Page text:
Two decades later, 'Phoenix Lights' remains a mystery

March 13, 1997.

It's a date many people will remember, as it is the night the so-called "Phoenix Lights" event took place 20 years ago. In the two decades since that mysterious night, there have been lots of theories over the light's origins.

Some say it was military flares. Some say it was hot air balloons.

Those who believe in the theory that extraterrestrial beings were behind the Phoenix Lights also endure ridicule from skeptics who say otherwise.

The sightings that night would become the subject of a book, as well as a documentary, by Phoenix physician Lynne Kitei. She was a witness to the Phoenix Lights. She saw the lights from her Paradise Valley home, and snapped some photographs.

"I have no idea what they were," said Kitei.

It took Kitei seven years to come forward. Those who first talked about the Phoenix Lights suffered because of it. Former Phoenix City Councilwoman Frances Barwood was the first public official to draw attention to the Phoenix Lights. Now living near Prescott, Barwood asked about the sights at a City Council meeting, weeks after the lights appeared.

"I asked if anybody knew what this object was and could we check into it," said Barwood. "I was met by a whole bunch of stares."

Barwood was puzzled by the reaction.

"After the meeting, one of the City Managers came over to me and said, 'you shouldn't have asked that question,'" recounted Barwood.

Hundreds of witnesses then began to call Barwood.

"I thought if this many people saw whatever this was first of all, what did they remember? They all described the exactly the same thing," Barwood said. "There was no doubt in my mind. You cant get that many people to agree on the same object."

The ridicule then began. A cartoon published by Arizona Republic showed Barwood with a light switch on her forehead, and a "I Love UFOs" button on her jacket. The cartoon read: "Those mysterious lights over Phoenix - They're on, but nobody's home".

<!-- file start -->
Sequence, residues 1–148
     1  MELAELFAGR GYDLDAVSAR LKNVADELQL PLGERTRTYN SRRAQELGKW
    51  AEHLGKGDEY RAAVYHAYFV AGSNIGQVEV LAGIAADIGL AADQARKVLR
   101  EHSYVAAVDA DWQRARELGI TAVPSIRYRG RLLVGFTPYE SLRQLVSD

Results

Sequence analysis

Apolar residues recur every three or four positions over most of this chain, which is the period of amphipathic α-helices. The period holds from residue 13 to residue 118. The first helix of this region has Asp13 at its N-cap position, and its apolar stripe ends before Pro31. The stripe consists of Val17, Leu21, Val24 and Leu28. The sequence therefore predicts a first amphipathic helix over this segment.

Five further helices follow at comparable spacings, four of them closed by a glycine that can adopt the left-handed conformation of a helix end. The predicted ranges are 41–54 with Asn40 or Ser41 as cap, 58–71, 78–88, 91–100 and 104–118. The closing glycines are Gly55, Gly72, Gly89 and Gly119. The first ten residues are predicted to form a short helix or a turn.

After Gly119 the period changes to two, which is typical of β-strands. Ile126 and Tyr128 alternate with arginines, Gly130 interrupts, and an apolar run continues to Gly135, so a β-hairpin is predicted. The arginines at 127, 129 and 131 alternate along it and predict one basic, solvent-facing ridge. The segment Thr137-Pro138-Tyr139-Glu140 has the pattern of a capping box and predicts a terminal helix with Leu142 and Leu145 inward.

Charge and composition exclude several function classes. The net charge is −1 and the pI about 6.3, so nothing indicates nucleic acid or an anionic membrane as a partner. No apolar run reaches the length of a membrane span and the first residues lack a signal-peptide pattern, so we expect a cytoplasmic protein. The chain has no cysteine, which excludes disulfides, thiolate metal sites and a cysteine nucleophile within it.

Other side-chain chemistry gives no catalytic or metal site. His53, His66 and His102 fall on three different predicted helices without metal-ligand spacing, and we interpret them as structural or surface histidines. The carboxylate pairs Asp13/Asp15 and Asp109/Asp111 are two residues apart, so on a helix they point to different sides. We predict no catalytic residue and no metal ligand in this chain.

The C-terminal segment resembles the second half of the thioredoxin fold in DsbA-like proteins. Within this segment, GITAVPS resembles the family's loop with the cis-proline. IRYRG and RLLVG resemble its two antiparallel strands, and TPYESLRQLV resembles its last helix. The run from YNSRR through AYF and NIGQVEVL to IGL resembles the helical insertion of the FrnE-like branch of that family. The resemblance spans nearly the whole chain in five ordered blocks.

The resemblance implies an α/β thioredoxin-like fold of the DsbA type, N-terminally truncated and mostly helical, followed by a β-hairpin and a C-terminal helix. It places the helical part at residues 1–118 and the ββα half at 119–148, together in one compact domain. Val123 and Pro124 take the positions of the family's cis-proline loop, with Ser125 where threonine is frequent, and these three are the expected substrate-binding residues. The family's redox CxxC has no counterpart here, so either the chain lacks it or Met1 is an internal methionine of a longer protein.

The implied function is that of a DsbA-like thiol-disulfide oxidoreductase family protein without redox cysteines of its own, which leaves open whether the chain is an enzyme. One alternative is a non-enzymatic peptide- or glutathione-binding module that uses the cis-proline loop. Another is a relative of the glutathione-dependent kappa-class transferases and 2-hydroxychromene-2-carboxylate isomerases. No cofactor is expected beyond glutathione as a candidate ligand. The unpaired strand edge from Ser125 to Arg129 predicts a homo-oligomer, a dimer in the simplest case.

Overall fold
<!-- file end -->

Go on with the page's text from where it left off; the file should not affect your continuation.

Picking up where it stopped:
"I got cartoons in the paper with rocket going in one ear and out ther other. One with Doctor Spock," recounted Barwood.

The ridicule didn't stop in the papers for Barwood. It continued at City Hall.

"The Mayor's Office put signs on my picture in the hallway," said Barwood. "And I found out afterwards, [they] handed out business cards with my name on it that said, 'speak into the tin foil. I will hear you.'"

Barwood, however, wouldn't give up.

"My dad was Chief Investigator for the City of New York under Mayor [Robert F. Wagner, Jr.], and he said you never let a case go unsolved," said Barwood.

Later that year, Fife Symington, who was Arizona's Governor at the time, held a news conference where an assistant dressed as an alien walked out, to the snickers of a few reporters in the room.

"This just goes to show you guys are entirely too serious," said Symington back then.

Barwood said after the treatment she received, she didn't blame Symington for his reaction.

"I would say it was probably safe for him," said Barwood.

Years later, Symington would admit that he too saw something that night.

"I saw a huge craft come right over Squaw Peak," said Symington, in an interview with FOX 10 news anchor John Hook. "It was just breathtaking."

Now, 20 years after the lights appeared over Phoenix, Barwood still doesn't know what the Phoenix Lights were. She would, however, like an answer.

"If other planets are inhabited, and are more advanced than we are because they didn't spend time fighting, then id like to know," said Barwood.

Meanwhile, investigators like Kitei said they will keep looking for answers.

"We need to address it," said Kitei. "Accept it and study it, so we can find out who is driving these things as well as move forward in our own evolution."

Kitei's documentary will be shown at the Harkins Shea theater on Sunday at 1:00 p.m., which is accompanied by a discussion panel on the lights that will include Barwood.

Additional Information

Phoenix Lights Event:


The Phoenix Lights Book

The Phoenix Lights Coloring Book